The massive TPP trade deal could help boost the global economy and President Obama’s legacy—if Congress lets it happen
That debate is now coming to a head because negotiations among a dozen Pacific Rim nations over the Trans-Pacific Partnership (TPP)—an enormous multilateral trade deal involving a dozen Pacific rim countries—are entering the final stages. The talks now include the United States, Japan, Canada, Mexico, Chile, Peru, Australia, New Zealand, Vietnam, Singapore, Malaysia and Brunei. This group represents 40 percent of world trade and 40 percent of global GDP.Without TPA, there will be no TPP, say trade advocates, which would cost America significantly. Too bad, counter trade opponents. If Americans can’t influence the deal’s content through their representatives, America is better off without it.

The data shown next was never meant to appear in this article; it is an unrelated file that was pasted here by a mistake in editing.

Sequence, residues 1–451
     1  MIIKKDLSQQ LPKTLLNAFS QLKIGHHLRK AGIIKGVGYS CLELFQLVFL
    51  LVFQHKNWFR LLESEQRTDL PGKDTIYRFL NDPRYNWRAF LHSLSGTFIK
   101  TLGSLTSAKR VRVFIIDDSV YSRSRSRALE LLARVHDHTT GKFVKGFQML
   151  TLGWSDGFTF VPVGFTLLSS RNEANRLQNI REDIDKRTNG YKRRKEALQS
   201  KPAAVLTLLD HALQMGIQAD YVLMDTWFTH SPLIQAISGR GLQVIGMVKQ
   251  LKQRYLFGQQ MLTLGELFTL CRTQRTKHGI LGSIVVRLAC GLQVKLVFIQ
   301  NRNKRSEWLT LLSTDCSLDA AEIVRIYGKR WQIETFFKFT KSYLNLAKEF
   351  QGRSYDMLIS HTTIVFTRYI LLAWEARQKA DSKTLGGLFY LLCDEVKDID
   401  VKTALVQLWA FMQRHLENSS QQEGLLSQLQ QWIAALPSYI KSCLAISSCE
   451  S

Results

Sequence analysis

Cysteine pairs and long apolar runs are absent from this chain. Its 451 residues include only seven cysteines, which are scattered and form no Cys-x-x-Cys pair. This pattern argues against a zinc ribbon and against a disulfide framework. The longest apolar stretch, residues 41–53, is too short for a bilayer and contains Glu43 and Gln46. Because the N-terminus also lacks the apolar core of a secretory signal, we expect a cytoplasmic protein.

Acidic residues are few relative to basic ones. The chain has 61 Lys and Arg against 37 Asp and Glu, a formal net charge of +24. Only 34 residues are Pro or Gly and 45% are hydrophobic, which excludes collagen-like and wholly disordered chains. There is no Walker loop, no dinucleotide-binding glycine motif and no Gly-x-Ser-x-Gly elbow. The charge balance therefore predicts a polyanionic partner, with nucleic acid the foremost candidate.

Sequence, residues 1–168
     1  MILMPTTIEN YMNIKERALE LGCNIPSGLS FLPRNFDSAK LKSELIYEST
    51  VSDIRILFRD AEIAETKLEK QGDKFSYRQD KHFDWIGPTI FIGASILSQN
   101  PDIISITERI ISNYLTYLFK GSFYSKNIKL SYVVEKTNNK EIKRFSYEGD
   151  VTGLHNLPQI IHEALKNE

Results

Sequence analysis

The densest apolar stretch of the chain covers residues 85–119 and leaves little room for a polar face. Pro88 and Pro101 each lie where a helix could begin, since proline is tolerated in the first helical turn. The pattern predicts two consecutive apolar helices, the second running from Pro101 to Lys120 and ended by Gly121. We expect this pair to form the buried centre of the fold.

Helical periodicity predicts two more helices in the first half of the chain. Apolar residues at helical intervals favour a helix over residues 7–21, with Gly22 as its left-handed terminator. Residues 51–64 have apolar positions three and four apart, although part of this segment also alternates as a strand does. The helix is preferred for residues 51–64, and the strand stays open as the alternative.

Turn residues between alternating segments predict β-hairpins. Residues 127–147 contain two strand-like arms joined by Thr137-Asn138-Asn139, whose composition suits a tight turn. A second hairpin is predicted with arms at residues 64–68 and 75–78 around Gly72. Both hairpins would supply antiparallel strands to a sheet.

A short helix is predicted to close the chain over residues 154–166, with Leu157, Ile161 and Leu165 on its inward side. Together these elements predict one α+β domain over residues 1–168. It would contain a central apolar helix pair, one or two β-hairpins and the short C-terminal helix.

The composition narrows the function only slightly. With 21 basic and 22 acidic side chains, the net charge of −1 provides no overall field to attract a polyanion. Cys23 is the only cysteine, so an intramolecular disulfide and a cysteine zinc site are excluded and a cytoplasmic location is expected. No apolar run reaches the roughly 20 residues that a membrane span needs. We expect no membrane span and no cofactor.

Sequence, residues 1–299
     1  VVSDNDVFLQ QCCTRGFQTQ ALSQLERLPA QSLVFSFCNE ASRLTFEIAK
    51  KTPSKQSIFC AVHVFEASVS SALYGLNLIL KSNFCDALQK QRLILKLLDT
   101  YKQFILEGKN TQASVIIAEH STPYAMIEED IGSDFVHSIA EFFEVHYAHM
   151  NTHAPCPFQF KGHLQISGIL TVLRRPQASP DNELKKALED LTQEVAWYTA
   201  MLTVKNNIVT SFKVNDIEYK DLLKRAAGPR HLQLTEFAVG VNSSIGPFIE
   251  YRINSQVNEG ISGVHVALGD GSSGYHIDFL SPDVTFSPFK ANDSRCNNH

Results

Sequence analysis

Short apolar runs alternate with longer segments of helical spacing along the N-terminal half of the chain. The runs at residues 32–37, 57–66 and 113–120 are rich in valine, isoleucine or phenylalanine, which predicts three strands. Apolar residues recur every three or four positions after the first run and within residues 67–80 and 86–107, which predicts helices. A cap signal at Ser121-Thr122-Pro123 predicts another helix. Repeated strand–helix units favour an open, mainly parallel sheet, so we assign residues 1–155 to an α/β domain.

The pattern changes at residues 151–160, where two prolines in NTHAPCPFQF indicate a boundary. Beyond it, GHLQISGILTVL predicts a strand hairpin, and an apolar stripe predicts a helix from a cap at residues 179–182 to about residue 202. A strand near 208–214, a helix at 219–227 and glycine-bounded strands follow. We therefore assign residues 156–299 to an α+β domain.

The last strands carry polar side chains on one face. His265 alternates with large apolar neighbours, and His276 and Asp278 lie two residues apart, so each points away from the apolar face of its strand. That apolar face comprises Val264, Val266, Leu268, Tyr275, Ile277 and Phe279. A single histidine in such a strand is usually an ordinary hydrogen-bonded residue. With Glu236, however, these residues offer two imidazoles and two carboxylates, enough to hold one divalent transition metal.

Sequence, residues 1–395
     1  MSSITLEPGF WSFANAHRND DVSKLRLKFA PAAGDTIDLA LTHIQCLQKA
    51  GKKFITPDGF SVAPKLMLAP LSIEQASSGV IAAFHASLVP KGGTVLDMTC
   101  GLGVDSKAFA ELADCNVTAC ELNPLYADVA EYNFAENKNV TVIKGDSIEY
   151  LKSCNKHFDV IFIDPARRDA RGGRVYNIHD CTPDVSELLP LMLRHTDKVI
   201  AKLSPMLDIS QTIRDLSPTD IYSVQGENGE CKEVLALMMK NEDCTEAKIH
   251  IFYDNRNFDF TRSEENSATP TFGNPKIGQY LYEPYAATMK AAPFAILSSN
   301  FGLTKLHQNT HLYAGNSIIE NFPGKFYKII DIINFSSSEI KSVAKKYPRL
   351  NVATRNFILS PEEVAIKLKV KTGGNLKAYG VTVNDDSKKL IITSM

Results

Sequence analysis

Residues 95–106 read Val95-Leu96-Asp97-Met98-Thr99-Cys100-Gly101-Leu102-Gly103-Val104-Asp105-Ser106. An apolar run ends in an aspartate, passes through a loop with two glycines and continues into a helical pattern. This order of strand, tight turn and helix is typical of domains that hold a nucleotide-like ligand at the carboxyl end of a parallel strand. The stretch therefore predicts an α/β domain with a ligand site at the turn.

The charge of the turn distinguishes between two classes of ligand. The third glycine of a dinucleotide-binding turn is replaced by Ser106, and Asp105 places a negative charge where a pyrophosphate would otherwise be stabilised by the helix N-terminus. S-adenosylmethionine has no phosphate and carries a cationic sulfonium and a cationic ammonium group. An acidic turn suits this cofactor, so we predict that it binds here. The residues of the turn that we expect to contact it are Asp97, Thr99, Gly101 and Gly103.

What’s at stake? TPP proponents say the deal would generate hundreds of billions of dollars of economic gains over the next decade by reducing tariff and non-tariff barriers across the 12 countries it covers. It would enhance security relations among member states, boost labor and economic standards and set rules for global commerce on free-market terms. For some countries, TPP would give their economies a significant boost. Projected GDP growth in Japan and Singapore for 2025 would be nearly a full 2 percent higher with the deal than without. Malaysia’s GDP might be higher by more than 5 percent. The difference for Vietnam might be more than 10 percent.
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